Numerous gameplay quirks raise more questions than necessary. Elongated load times are abundant, and occur in odd places, such as after Showdown modes (10 seconds to view your stats?). There is a glaring absence of maps for the levels, which would be helpful in towns and during the multiplayer modes. Some walls cannot be scaled despite being similar in height to your character. In the heat of battle you occasionally take dubious amounts of damage – during one boss fight involving dynamite, being within centimeters of the blast knocks out only a fourth of your energy. Opponent AI is jaw-droppingly dumb. There are many instances of foes standing right next to you without firing, or those that run right past you without even a second glance. Conversely, the AI in the High Noon mode is a little too good in most instances.
The biggest culprit is the wonky camera system. As with many games offering total camera control, Red Dead Revolver’s system is fraught with bugs. The viewpoint is a little too tight on your character, blocking out much of the action around you. You must constantly monitor the immediate environment at all times, which involves lowering your weapon to spin the camera around. The camera often gets stuck on objects and buildings, causing it to manically zoom in and out to focus on your player.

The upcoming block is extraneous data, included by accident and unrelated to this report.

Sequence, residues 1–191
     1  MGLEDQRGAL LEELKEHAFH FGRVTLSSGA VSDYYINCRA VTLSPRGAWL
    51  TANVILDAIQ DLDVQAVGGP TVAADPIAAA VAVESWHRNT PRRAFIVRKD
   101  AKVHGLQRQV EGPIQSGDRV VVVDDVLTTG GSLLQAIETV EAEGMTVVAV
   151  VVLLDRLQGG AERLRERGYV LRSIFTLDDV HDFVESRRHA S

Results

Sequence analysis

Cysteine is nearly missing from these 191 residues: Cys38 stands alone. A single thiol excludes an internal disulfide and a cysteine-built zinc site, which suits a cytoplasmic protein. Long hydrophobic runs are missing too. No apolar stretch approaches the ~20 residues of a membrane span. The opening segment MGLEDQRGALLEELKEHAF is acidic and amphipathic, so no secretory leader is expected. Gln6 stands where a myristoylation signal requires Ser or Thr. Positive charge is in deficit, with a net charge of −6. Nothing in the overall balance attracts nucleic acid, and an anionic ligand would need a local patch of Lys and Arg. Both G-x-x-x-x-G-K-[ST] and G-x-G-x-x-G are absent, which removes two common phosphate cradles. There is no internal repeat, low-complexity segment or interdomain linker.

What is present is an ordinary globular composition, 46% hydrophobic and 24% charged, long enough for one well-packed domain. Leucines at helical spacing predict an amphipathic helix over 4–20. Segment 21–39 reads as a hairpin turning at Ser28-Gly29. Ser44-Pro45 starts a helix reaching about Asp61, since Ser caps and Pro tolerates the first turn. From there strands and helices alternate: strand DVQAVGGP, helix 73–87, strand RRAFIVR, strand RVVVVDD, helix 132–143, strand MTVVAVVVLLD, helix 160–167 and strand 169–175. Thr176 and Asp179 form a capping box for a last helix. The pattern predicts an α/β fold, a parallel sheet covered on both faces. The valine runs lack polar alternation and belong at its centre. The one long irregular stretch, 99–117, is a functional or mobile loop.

Despite the knocks, Red Dead Revolver provides a healthy challenge. Story mode’s 27 levels will keep you playing for a solid weekend, and the multiplayer challenges will entertain, if only briefly. Obtaining all the available weapons, items and characters injects the game with a sense of purpose. Replay value for the game is above average, with a few interesting twists. Beating a level nets you the fallen boss and unlocks the playing area in the Showdown mode. In addition, the rating system, based on time, damage and accuracy, ranks you from ?good’ to ?excellent’, giving you access to additional enemies. You can also earn weapons and their upgrades. Beating the game unlocks the Bounty Hunter mode, which adds additional objectives to each level. The highly detailed Journal keeps tabs on everything you unlock, encounter and play throughout the game. You can fill up to 327(!) pages with stats and unlockable items. But, again, most of this feels tacked on to flesh out the replay value.
Red Dead Revolver is a stylish ode to a dying cultural genre. Rockstar Games took Capcom’s orphaned spaghetti Western and infused it with panache akin to their most popular games. The presentation is impeccable, with a soundtrack playing like a highlight reel. Too bad the most important parts of the game, i.e. the controls and gameplay, were largely ignored in the process. But, for patient players, a lengthy challenge awaits. The Western is a genre rarely seen in gaming, and Red Dead Revolver is an admirable, though ultimately flawed, effort. Fans of the Old West could do a lot worse, but would be better off waiting for the planned sequels. Perhaps, in the tight-knit Rockstar family, alongside Grand Theft Auto, the next installment will feel like the genre-buster the developers were hoping for.